The new Section 163(n) limits the deduction for net interest expense of domestic corporations that are part of an international financial reporting group. The deduction for net interest expense of a US corporation is limited to 110% of the corporation’s share of the group’s net interest expense. To determine the limitation, the US corporation’s EBITDA is compared to the worldwide EBITDA of the group. These provisions modify other provision of the tax codes such as NOL. Note that US companies subject to the limitation of the two provisions must choose the one that disallows the greater amount of interest deduction.
Interest disallowed under either provision may be carried forward up to five years using the first-in, first-out basis. The provision is limited to groups with average annual gross receipts in excess of $100 million over three-year period.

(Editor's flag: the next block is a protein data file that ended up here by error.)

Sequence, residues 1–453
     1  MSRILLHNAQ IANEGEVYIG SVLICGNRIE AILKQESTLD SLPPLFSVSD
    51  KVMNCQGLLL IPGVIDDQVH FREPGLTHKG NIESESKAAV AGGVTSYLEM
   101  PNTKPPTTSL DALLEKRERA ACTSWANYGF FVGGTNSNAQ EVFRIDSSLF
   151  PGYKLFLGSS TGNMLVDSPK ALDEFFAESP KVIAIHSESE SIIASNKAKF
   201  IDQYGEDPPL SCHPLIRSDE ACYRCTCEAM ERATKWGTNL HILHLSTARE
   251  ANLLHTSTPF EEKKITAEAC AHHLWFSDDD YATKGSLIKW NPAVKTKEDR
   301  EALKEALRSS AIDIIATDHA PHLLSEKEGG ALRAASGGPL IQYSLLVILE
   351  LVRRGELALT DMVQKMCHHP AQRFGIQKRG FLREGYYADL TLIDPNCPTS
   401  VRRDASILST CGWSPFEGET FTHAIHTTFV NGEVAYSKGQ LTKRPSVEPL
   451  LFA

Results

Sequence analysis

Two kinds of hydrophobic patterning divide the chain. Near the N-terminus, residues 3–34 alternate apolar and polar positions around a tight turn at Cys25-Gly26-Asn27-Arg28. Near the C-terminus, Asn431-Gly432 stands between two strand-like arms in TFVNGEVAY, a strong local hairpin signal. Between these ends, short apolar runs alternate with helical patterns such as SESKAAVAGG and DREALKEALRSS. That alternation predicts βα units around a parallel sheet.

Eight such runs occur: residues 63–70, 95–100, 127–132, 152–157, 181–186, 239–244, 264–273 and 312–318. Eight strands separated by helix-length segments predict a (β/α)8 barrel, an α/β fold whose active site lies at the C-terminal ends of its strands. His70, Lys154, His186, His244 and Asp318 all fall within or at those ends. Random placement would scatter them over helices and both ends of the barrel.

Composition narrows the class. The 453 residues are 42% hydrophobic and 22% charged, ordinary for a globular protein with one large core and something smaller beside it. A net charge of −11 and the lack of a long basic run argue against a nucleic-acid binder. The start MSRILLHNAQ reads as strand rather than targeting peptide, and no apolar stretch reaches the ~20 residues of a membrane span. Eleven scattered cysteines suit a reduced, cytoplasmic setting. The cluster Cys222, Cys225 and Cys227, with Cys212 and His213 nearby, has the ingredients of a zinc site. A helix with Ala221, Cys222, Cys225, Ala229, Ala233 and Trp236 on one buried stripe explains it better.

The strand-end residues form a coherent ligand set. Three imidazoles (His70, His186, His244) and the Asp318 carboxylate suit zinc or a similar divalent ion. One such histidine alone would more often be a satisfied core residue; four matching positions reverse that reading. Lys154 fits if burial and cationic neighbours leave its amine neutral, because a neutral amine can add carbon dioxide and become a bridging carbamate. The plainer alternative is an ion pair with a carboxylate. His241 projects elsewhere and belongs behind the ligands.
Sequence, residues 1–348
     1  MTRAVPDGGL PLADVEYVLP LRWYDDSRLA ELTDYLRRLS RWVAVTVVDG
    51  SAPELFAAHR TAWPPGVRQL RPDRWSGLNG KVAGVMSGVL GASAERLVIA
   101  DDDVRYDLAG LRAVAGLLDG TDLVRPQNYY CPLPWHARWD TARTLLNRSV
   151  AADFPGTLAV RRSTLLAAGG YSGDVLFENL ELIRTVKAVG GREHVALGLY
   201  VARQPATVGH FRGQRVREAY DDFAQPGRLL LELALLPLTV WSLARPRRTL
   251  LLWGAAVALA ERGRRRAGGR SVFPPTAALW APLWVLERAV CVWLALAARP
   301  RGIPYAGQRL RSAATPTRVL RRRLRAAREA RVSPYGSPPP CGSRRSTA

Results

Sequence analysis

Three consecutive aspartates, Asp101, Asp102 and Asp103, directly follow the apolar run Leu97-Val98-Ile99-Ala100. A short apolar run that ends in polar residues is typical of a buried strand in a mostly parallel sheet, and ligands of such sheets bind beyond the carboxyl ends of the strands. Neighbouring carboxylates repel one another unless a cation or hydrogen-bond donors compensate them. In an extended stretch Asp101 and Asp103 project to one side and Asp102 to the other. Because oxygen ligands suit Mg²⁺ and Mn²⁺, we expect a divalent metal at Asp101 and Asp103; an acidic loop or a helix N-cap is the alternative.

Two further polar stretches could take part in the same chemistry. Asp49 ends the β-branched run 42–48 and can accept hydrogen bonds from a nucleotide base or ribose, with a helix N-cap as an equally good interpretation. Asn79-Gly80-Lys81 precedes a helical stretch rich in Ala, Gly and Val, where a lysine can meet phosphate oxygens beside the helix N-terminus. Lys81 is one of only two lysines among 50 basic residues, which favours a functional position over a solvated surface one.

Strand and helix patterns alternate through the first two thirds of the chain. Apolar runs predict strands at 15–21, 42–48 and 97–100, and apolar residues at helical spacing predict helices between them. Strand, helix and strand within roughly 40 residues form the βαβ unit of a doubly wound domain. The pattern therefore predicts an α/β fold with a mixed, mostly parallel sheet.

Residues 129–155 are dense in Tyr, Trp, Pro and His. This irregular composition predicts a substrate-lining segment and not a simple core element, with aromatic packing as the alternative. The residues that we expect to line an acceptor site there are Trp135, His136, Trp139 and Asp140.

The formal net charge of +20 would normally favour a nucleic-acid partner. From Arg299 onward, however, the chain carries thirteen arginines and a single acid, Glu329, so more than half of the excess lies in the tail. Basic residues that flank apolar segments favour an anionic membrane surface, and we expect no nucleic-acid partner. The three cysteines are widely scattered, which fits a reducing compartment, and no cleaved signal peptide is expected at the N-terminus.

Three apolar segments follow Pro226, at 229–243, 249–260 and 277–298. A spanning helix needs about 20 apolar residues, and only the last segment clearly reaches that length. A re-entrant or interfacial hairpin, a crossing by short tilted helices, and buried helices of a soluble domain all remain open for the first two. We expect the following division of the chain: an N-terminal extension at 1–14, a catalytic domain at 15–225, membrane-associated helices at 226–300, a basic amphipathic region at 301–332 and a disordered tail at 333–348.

The bill introduces a new excise tax on payments made to foreign related parties. A 20% excise tax is imposed on all deductible payments except interest paid to a related foreign company. Covered payments are those that are deductible, includible in cost of goods sold, or includible in the basis of a depreciable or amortizable asset unless the related foreign company elected to treat those payments as effectively connected income (ECI) and thus taxable in the US.
If the ECI election were made to treat the payments as taxable in the US, the income would be taxed on a net basis. This provision would apply only to international reporting groups with payments from US corporations to their foreign affiliates totaling at least $100 million annually. This provision will take effect after 2018. So, there is a grace period provided.